Justin Lynch was one of the last international journalists allowed in the conflict-ridden country. He says he was kicked out for being critical of the government in his reporting.
A US journalist reporting for the Associated Press was deported from South Sudan, the news agency said on Wednesday, for writing about human rights violations and being critical of the government. Justin Lynch was one of the last foreign reporters living in the war-torn nation.
"Yesterday I was arrested and deported by members of South Sudan's National Security Service. The officers did not officially present me with a reason for my arrest and deportation, but repeatedly said that my reporting was too critical of the government. This is a violation of press freedom," Lynch wrote on Twitter.
"As an international journalist, it is an unfortunate reality that I am privileged compared to my brave South Sudanese colleagues, who are frequently the victim of intimidation or even death," he added.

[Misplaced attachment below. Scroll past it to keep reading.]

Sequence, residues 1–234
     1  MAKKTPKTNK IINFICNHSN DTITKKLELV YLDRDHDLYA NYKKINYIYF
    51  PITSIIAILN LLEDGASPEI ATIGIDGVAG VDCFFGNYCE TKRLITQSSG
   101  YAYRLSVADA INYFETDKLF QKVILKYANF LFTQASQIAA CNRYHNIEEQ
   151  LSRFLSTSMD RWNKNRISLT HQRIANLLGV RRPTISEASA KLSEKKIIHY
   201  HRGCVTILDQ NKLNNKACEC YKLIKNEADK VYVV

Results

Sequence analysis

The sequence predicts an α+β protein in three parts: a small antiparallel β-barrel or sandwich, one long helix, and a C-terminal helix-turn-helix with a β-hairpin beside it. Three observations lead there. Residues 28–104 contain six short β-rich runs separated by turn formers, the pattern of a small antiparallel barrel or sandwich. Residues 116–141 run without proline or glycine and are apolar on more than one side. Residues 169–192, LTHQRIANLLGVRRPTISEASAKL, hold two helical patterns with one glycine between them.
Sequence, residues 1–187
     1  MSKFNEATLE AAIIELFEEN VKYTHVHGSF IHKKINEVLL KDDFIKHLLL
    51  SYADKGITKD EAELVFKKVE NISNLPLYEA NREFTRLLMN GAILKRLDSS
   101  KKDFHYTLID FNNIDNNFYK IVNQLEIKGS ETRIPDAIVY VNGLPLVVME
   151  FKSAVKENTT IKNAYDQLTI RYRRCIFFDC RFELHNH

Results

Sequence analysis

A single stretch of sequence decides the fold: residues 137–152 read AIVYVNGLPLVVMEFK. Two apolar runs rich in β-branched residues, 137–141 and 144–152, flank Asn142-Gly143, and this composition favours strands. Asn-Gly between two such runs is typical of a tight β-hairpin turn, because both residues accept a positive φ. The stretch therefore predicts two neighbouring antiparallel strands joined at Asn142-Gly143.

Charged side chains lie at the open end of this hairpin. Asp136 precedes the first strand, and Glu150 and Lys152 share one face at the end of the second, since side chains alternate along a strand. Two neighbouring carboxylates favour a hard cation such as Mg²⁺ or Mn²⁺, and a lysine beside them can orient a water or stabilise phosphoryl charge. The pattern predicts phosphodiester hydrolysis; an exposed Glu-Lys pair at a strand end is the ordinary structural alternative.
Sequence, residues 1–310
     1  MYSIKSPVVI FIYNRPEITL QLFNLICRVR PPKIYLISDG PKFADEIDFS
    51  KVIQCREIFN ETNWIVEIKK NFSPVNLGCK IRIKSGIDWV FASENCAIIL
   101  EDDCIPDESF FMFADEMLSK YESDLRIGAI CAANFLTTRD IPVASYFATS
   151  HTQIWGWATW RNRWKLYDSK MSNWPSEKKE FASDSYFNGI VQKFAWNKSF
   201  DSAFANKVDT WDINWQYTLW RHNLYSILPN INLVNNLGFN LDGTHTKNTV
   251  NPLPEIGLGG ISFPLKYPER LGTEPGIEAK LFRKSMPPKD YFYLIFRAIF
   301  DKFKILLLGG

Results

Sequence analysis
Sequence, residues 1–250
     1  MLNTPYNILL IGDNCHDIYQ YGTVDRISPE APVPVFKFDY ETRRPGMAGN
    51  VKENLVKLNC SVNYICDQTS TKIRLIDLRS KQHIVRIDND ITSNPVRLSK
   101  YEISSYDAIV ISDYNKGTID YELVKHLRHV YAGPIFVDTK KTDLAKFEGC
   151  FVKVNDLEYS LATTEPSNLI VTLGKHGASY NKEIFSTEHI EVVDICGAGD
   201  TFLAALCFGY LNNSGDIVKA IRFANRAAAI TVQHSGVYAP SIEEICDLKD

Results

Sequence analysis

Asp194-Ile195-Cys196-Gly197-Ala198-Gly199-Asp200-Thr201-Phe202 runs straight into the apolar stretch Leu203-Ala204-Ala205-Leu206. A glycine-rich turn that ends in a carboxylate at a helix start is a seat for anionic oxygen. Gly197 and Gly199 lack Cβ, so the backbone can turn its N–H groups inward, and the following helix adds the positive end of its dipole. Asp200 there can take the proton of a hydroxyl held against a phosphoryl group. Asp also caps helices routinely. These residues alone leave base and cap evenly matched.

The only comment from the government in Juba was a statement from a presidential spokesman which said they were not aware of the deportation.
Government targets press
Journalists have repeatedly complained of harassment from authorities in conflict-ridden South Sudan. According to the Committee to Protect Journalists, five reporters were killed while working in the country in 2015.
After winning independence from Khartoum in 2011, South Sudan erupted into civil war in 2013 when the long-simmering feud between President Salva Kiir and his former Vice President Riek Machar boiled over into armed conflict. A tentative peace deal reached in 2015, which saw Machar briefly reinstated before fleeing the country, has remained shaky at best.
Meanwhile, as both sides have been accused of war crimes such as ethnic cleansing and attacking aid workers, journalists have found it more and more difficult to report on the atrocities due to a government clampdown. The Juba Monitor newspaper has faced repeated temporary shutdowns for being critical of Kiir's administration, while the popular Eye Radio station was shuttered permanently in November. Several other newspapers have been shut and editors routinely rounded up for police questioning.
As the news of Lynch's deportation broke, his employer AP decried the lack of transparency in a region in need of international understanding. The agency called on the government to reverse its decision.
es/kms (AFP, Reuters)